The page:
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A refreshing spring so far for Rays' Matt Moore

Tampa Bay Rays starting pitcher Matt Moore (55) throwing in the second inning during the exhibition game between the Tampa Bay Rays and the Philadelphia Phillies at Bright House Field in Clearwater, Fla. on Thursday, March 17, 2016.
Tampa Bay Rays starting pitcher Matt Moore (55) throwing in the second inning during the exhibition game between the Tampa Bay Rays and the Philadelphia Phillies at Bright House Field in Clearwater, Fla. on Thursday, March 17, 2016.
Published Mar. 18, 2016

CLEARWATER — Perhaps sharper than Matt Moore's curveball and changeup is the contrast between the spring he's having now and the one he had a year ago.

Twelve months prior to taking the mound against the Phillies for his third spring start, the Rays left-hander was almost a year removed from Tommy John surgery that kept him out of all but two games during the 2014 season. But Moore knew he was still months away from contributing on the mound.

That timeline was pushed back even further when he stumbled in his first starts back last July and was optioned to Triple-A Durham to put in more work.

Through it all, though, the 26-year-old was determined not to lose confidence in himself. So when he stood in the clubhouse after a 6-1 spring training victory against the Phillies on Thursday, fresh from an eight-strikeout outing, Moore wasn't the least bit surprised by the results.

"I'm just throwing the same pitches I normally would throw," he casually stated. "Sometimes they hit them, and sometimes they don't."

But there have been times during the past year, Moore admits, when that confidence got the best of him.

Nearly 15 months after his last major-league appearance, Moore returned to the mound on July 2, 2015, against the Indians, giving up six hits and four runs in 42/3 innings. And right off the bat, he didn't get much better.

In his first six starts back, Moore posted an 8.78 ERA and never made it past the fifth inning.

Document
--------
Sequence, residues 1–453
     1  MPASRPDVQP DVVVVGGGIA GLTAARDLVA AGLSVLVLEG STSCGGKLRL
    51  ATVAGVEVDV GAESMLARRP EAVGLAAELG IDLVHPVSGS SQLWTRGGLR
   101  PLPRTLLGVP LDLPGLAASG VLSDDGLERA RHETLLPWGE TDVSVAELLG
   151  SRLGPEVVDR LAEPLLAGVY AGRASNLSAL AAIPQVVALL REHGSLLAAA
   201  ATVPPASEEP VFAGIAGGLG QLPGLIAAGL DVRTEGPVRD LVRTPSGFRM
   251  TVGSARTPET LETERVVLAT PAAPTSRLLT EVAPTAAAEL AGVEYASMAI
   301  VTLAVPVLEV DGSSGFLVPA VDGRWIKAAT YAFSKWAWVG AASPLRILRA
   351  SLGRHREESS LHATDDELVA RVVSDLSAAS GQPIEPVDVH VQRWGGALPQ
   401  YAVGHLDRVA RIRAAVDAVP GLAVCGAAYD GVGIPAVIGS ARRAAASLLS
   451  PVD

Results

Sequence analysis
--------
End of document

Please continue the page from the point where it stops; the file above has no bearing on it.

"I felt better than what was coming out. I believed in my ability to go out there and compete and win a ballgame, probably a little more than what was actually coming out," Moore said. "It's something we all have to develop as young players and continue to rely on as we get to the big leagues, because there are struggles around everybody's corner."

After his string of bad outings, Moore was optioned to Durham on Aug. 1, sending the Rays into a four-man rotation. Moore admits he was disappointed, but he refused to let the situation get worse.

Moore went on to pitch 401/3 innings during his time in Durham, posting a 3.57 ERA. On Aug. 23 he broke the Durham Bulls' strikeout record, fanning 16 in six innings.

The results only got better when he returned to Tampa Bay for the last month of the regular season.

"All of us are super excited for him. It doesn't really surprise any of us, because we know all the hard work he's put in," outfielder Brandon Guyer said of Moore's healthy return. "As an outfielder, I love playing behind a guy like that, because he goes after guys. It's just really good to see him back out there as a part of the team again."

Moore said he felt good about his third start of the spring, adding that his changeup and curveball have been progressing nicely. His eight strikeouts came just five days after he retired nine straight batters in a 32/3-inning performance against the Yankees.

Rays manager Kevin Cash couldn't wait to give a glowing review of his patient starter.

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"(The Phillies) pitcher was actually pretty impressive, watching him, but not quite as impressive as ours," Cash said. "Matt Moore has been just tremendous … just controlled the entire strike zone, the lineup, the whole time. (He's) probably the brightest spot of camp, and there's been a lot of bright spots."

Next week, he'll have even more eyes on him.

Moore was selected to start the Rays' exhibition game against the Cuban national team Tuesday, a game at which President Barack Obama will be in attendance. But that fact doesn't make Moore nervous.

Instead, he plans to rely on the same confidence that delivered him from the pangs of disappointment right back to the place he belongs — on the mound, dialed in.

"There's really not a lot of words that can describe just having the game not available to you," Moore said. "It was just a different chapter that hopefully we learned a lot from and can be better for it moving forward."

Contact Kelly Parsons at Follow @_kellyparsons.


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